In his description of a believer’s spiritual armor, the Apostle Paul oddly refers to shoes.
“and having shod your feet with the preparation of the gospel of peace;” (Ephesians 6:15 NASV)
Compared to the breast-plate or shield, shoes are certainly not the most prominent piece of armor, but don’t let their insignificance fool you, they are key to a believer’s victory.
The Roman soldier was equipped with sandal-like boots covered with brass that extended up to cover part of the shin. The sandals had nails protruding from the bottom giving the soldier extra grip.
Though a wound to the foot or lower leg was not necessarily life threatening it was very incapacitating. My son was practicing soccer in our backyard gearing up for a series of big games. He kicked the soccer ball near a, until then unknown, hornet’s nest. He received a single, barely visible bite on his ankle and was off his feet for days.
The smallest wound on the foot can hobble a soldier for extended periods of time making him completely ineffective for fighting.
When Paul compares these boots to the preparation of the gospel of peace and he is quoting from Isaiah 52:7, which declares how lovely on the mountains are the feet of him who brings good news, who announces peace.
This verse pictures messengers being sent from the battle back to the city announcing the enemy had been vanquished and the people were now set free from their imprisonment or captivity (see also Isaiah 61: 1-3).
This is the incredible truth of the New Testament. Every New Testament writer agreed on this single fact – Satan is a defeated foe. Yet, as we look around the earth, Satan’s hold is still clearly in effect.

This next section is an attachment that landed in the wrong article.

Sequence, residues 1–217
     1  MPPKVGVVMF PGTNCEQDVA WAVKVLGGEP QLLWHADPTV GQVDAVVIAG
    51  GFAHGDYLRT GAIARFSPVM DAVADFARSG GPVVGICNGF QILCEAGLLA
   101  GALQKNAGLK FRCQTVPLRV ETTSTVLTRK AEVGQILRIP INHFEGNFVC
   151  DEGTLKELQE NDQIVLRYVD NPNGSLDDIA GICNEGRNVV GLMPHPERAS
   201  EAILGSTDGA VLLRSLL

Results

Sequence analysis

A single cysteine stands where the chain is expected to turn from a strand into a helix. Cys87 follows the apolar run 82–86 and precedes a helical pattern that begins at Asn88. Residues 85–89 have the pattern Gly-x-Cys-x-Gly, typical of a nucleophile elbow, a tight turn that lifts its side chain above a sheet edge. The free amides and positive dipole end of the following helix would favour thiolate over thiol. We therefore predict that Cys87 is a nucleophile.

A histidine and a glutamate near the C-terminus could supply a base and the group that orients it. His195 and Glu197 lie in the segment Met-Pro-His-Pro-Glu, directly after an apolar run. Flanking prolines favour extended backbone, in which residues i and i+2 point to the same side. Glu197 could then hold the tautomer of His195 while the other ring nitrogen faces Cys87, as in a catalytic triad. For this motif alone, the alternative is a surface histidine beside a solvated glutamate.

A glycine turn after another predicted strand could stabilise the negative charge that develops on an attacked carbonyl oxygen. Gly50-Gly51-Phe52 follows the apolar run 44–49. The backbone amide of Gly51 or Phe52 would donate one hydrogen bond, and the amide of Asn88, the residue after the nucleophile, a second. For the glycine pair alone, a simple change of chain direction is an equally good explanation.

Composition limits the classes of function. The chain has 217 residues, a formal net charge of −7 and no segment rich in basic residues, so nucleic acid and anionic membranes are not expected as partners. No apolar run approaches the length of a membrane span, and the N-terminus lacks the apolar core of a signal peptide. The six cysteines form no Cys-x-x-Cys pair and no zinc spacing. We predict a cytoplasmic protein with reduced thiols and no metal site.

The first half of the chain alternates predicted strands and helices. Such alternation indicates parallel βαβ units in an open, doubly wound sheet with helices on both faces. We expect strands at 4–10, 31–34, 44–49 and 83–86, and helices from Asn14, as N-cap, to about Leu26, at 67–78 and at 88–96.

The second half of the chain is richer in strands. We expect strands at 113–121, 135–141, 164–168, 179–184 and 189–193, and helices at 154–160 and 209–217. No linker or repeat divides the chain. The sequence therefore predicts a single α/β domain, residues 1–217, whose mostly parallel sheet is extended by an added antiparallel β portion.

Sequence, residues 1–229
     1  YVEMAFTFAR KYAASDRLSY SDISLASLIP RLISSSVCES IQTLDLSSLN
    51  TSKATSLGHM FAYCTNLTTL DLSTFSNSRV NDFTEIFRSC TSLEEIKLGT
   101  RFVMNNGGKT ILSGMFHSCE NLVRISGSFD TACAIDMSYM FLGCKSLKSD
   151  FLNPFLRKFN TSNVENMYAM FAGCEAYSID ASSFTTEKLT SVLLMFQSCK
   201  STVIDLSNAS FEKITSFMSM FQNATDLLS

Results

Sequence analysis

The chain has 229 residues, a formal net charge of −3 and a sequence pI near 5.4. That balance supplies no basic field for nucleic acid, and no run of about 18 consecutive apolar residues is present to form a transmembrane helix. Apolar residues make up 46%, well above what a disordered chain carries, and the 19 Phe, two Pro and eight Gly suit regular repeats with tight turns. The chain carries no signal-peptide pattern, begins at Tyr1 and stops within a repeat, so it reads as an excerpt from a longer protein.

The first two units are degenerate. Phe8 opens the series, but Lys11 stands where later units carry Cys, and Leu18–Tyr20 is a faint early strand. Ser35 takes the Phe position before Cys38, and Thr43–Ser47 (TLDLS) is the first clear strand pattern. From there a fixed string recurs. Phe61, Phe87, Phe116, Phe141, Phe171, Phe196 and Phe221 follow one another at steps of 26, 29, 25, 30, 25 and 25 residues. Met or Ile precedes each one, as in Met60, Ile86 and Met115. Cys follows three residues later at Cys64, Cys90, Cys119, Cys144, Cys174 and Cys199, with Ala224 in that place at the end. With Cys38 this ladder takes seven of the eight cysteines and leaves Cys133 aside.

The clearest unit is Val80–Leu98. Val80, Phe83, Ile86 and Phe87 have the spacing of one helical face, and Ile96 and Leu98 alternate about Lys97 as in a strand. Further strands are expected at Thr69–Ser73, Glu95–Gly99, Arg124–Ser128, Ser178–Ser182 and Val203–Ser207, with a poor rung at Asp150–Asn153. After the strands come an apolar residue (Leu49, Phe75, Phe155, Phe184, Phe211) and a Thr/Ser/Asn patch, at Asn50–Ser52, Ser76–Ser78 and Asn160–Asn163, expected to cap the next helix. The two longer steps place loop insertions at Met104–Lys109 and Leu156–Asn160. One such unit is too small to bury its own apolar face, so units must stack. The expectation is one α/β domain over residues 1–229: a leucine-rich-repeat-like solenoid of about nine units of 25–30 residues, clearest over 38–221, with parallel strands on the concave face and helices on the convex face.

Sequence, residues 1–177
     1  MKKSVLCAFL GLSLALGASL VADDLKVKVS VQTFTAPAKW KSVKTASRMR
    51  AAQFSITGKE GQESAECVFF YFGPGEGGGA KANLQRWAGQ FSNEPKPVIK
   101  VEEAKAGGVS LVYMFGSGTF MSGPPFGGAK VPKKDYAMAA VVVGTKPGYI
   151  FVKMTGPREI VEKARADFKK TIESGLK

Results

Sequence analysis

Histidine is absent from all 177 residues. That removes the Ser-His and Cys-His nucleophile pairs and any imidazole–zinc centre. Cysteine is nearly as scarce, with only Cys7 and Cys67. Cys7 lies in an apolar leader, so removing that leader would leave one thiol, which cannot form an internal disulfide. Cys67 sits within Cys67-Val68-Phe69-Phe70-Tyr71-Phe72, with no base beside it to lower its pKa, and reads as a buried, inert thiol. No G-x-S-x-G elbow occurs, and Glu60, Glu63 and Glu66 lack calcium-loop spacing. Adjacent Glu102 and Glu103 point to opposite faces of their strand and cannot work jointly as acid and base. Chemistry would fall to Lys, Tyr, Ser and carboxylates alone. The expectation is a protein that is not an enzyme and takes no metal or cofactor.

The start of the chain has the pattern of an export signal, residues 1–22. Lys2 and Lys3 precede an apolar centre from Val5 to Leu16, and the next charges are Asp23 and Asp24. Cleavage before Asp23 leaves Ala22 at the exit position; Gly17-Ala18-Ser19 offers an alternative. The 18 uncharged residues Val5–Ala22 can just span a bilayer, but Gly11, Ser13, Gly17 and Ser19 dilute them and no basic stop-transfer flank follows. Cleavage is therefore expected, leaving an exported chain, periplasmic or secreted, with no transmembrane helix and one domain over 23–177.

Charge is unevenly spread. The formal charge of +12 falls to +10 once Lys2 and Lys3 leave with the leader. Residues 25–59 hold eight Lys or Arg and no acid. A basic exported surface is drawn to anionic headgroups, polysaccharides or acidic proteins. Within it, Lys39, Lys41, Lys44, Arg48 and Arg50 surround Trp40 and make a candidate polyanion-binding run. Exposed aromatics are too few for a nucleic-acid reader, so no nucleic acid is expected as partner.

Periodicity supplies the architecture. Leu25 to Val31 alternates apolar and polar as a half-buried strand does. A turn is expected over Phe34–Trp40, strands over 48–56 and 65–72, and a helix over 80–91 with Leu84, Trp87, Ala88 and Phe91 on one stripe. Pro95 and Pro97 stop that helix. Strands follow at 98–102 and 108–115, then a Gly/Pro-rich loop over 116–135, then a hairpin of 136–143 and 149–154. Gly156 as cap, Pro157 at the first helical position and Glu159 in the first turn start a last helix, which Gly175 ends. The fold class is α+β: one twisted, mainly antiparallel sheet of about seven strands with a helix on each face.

The apostle John explains what has happened. He writes that the Son of God appeared to “destroy” the works of the devil.
8 the one who practices sin is of the devil; for the devil has sinned from the beginning. The Son of God appeared for this purpose, to destroy the works of the devil. (1 John 3:8 NASV)
The word destroy “luo” has several meanings. The most obvious is the idea of destruction or obliteration. But the word also has a second usage: it means to break a contract so that an individual is no longer legally bound to its conditions.
Though many translations use the word destroy, it leaves the wrong impression, because Satan’s kingdom has not been destroyed. It is still very much alive and well on planet earth.
However, because of Christ’s work on the cross, Satan’s power to control, manipulate and seduce people has been destroyed. This idea is pounded home in Hebrews 2:14, 15 where the writer says, that Christ “rendered powerless (Greek largeo) him who had the power of death.”
Some versions have translated this verse as destroyed, but NASV is more accurate when it translates “largeo” as “render powerless” as the word means to neutralize, to make impotent, subdue or to bring into subjection.
Because of the cross, Satan’s power has been rendered ineffective. But only in the face of the cross does this happen. When not confronted with Christ’s authority, Satan is still a well-armed and dangerous opponent.
Most importantly, these verses outline one vital part of this battle and that is perspective – we must fight from the higher ground understanding that Satan is a defeated foe.
We are not just wearing the sandals of peace, we are wearing shoes of victory.
At every turn, Satan will try to challenge that truth. He will challenge your position in Christ and test how much you really believe this.
If the father of all lies can cause you to question your victory, then you are walking down the road to defeat. The smallest wound of doubt will incapacitate you.